These natural light displays in the sky – often referred to as Aurora Borealis – occur in a zone extending over Iceland, northern Scandinavia, and Greenland, continuing over northern Canada, Alaska and Siberia.
The number of sunspots on the surface of the Sun is the main cause for the appearance of the auroras. The amount of sunspots follows an 11-year cycle, which is expected to reach its peak in 2016. The aurora strength is based on the number of occurring sunspots, the more sunspots, the better chance of the auroras appearing.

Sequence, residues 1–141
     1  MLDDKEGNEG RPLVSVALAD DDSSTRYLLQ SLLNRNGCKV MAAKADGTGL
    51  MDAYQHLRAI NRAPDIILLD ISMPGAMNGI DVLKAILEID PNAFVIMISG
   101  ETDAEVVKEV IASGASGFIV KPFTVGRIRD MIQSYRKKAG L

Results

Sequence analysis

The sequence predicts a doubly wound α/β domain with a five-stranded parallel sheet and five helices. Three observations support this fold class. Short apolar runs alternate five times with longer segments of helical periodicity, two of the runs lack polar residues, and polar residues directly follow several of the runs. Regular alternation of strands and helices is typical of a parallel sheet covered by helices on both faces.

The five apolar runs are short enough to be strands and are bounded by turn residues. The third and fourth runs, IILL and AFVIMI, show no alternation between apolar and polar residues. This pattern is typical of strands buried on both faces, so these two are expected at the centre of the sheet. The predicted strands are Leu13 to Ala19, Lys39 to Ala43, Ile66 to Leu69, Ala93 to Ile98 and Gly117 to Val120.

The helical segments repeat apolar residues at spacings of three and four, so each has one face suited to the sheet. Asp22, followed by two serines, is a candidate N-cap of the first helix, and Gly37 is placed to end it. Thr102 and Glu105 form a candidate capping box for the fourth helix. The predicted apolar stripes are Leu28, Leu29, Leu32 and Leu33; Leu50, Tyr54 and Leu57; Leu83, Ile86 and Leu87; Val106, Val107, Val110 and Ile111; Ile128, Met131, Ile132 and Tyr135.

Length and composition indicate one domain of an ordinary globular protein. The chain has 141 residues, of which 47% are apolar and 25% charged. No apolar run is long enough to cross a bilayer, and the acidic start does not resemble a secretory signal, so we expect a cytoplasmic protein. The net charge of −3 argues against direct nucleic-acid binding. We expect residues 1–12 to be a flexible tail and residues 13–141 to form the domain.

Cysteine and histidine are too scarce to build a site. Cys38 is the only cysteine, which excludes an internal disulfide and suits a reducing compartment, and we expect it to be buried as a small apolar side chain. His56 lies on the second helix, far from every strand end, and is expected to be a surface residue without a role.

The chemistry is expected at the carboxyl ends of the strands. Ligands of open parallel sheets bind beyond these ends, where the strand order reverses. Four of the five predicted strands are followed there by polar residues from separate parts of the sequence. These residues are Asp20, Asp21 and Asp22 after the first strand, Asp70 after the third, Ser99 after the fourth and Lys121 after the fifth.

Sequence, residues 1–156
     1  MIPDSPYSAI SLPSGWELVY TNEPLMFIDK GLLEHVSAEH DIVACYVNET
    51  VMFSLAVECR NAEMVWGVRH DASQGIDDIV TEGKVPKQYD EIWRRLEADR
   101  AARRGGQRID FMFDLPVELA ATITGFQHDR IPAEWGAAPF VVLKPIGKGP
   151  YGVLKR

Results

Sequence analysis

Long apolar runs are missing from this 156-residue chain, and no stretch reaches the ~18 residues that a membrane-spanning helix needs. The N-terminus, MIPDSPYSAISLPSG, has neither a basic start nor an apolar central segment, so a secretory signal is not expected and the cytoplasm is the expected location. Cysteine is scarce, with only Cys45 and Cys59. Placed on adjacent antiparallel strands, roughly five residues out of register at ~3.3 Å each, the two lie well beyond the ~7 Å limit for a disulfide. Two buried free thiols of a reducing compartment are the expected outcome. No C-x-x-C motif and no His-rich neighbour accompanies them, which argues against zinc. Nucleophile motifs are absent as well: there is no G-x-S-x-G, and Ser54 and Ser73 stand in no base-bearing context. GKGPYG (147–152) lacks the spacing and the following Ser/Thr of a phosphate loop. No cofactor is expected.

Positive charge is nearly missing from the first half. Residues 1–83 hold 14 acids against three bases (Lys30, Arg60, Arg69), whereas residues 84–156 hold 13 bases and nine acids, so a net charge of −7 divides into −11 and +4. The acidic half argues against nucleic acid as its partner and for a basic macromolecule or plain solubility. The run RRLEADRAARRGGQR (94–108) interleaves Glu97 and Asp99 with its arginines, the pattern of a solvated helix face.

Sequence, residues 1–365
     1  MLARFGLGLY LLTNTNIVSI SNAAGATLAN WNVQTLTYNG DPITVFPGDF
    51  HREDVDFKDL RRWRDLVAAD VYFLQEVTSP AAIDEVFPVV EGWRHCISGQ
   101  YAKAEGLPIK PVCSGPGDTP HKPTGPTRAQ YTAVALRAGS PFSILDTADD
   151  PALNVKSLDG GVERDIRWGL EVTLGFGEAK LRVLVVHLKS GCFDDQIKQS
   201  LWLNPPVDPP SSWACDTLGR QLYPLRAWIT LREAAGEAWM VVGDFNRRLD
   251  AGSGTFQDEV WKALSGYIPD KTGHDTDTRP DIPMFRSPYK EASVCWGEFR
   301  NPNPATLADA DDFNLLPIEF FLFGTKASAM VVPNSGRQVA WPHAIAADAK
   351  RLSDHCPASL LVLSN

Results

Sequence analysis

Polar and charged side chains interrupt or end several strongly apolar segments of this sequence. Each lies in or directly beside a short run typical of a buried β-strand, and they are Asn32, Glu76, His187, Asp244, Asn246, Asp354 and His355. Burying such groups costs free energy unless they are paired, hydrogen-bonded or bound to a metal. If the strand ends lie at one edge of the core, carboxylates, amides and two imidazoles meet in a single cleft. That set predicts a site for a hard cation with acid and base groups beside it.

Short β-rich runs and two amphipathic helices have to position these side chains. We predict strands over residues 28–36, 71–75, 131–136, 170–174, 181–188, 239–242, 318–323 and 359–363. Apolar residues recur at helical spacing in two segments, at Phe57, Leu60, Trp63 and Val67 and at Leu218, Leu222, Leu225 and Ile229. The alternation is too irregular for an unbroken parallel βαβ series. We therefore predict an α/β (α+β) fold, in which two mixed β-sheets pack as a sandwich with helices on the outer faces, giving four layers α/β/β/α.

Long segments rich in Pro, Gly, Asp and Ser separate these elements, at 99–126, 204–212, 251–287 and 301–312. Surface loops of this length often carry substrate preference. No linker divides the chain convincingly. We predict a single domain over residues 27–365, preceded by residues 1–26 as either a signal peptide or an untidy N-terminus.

As the cycle gets close to its maximum peak, the general conditions for viewing the northern lights in Iceland are exceedingly good, although their visibility is always subject to clear sky and dark nights. Consequently they can not be seen in Iceland during the bright summer nights but the period from mid September to early April offers the best possibilities.